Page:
Guitarist Andy Reiss has now been an active member of the Nashville community for more than 35 years. He left his hometown of San Francisco to pursue his passion for music as a career in 1980. He was brought up in a household listening to mainly traditional classical music (he even has an ancestor that was a German composer and guitarist in the 1700s!) He began his formal music education with the piano at age 7, moving to the guitar at 10. Being lucky enough to have grown up in in San Francisco during the 1960s, he would forever be influenced by the thriving music scene of the time. Some of the many concerts that were complete eye-opening experiences were B.B. King, Jimi Hendrix, and of course, pyschedelic luminaries such as The Grateful Dead and The Jefferson Airplane. This is also when he discovered jazz, and his guitar work became heavily influenced by greats such as Grant Green and Charlie Christian.
After arriving in Nashville, he was fortunate enough to have two influential A-Team advocates, the legendary producer and steel guitarist Pete Drake, and the visionary Harold Bradley, the guitarist who, along with his brother Owen, built the first recording studio on Nashville’s Music Row, and served as a long time President of the local Musician’s Union. Andy’s first recording session was for the actor Slim Pickens, a session that was an overwhelming initiation, involving many A-Team pickers such as Drake, Charlie McCoy, Bob Moore, Pete Wade, Pig Robbins and the Jordanaires.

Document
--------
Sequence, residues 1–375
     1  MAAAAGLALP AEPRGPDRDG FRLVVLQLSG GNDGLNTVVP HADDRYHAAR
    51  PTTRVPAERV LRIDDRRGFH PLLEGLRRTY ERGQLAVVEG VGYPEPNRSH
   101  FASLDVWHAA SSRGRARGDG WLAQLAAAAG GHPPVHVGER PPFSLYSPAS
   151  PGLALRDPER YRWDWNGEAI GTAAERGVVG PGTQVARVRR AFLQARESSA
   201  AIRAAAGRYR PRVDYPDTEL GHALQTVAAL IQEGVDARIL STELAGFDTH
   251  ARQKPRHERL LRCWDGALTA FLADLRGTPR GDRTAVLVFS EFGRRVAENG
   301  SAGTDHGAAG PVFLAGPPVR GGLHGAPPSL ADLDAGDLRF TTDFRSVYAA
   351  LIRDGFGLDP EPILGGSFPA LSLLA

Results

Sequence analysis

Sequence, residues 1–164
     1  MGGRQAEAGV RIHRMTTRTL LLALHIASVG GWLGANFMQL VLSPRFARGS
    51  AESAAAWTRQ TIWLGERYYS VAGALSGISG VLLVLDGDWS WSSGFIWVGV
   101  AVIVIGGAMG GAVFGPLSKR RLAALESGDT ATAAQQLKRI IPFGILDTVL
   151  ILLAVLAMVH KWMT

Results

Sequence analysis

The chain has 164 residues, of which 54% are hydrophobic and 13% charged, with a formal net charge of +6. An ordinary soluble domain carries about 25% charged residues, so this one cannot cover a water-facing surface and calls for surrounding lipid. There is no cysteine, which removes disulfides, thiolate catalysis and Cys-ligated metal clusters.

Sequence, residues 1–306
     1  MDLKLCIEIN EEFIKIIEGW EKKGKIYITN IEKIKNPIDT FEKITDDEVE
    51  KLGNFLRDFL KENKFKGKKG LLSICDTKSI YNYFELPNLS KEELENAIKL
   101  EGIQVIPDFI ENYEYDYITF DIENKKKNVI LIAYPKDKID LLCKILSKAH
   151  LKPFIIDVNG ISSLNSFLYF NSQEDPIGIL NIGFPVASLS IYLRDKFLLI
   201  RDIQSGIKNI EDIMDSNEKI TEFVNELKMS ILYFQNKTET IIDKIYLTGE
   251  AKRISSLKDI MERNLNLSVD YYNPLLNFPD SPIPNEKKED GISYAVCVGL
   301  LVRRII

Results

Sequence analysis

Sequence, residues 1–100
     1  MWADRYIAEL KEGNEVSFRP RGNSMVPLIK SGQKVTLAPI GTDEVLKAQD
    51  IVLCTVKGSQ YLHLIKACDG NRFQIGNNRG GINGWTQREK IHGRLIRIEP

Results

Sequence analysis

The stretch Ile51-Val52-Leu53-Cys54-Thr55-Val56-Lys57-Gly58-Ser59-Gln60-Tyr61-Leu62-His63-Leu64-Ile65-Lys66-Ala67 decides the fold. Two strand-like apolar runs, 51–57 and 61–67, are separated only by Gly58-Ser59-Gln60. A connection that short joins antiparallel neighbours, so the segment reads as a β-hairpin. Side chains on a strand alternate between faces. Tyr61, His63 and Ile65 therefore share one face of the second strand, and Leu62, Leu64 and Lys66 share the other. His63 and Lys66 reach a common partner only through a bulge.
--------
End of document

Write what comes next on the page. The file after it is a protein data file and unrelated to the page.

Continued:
He has since become a studio mainstay, playing on hundreds of records, with artists including Miranda Lambert, John Oates, Amy Grant, Willie Nelson, Kenny Rogers and Leon Russell. Returning to his early jazz influences, he also has recorded with many jazz greats, including Pete Christlieb, Beegee Adair, Benny Golson and as a member of the Lori Mechem Quartet. He has also toured many years with both the legendary Slim Whitman and Reba McEntire, and is one of the first Time Jumpers, having been with the group since 1999.
Andy has also “given back” to the community with a leadership role in the Nashville Musician’s Association, and as an educator with the Nashville Jazz Workshop and other venues.
Mad Professor Gear
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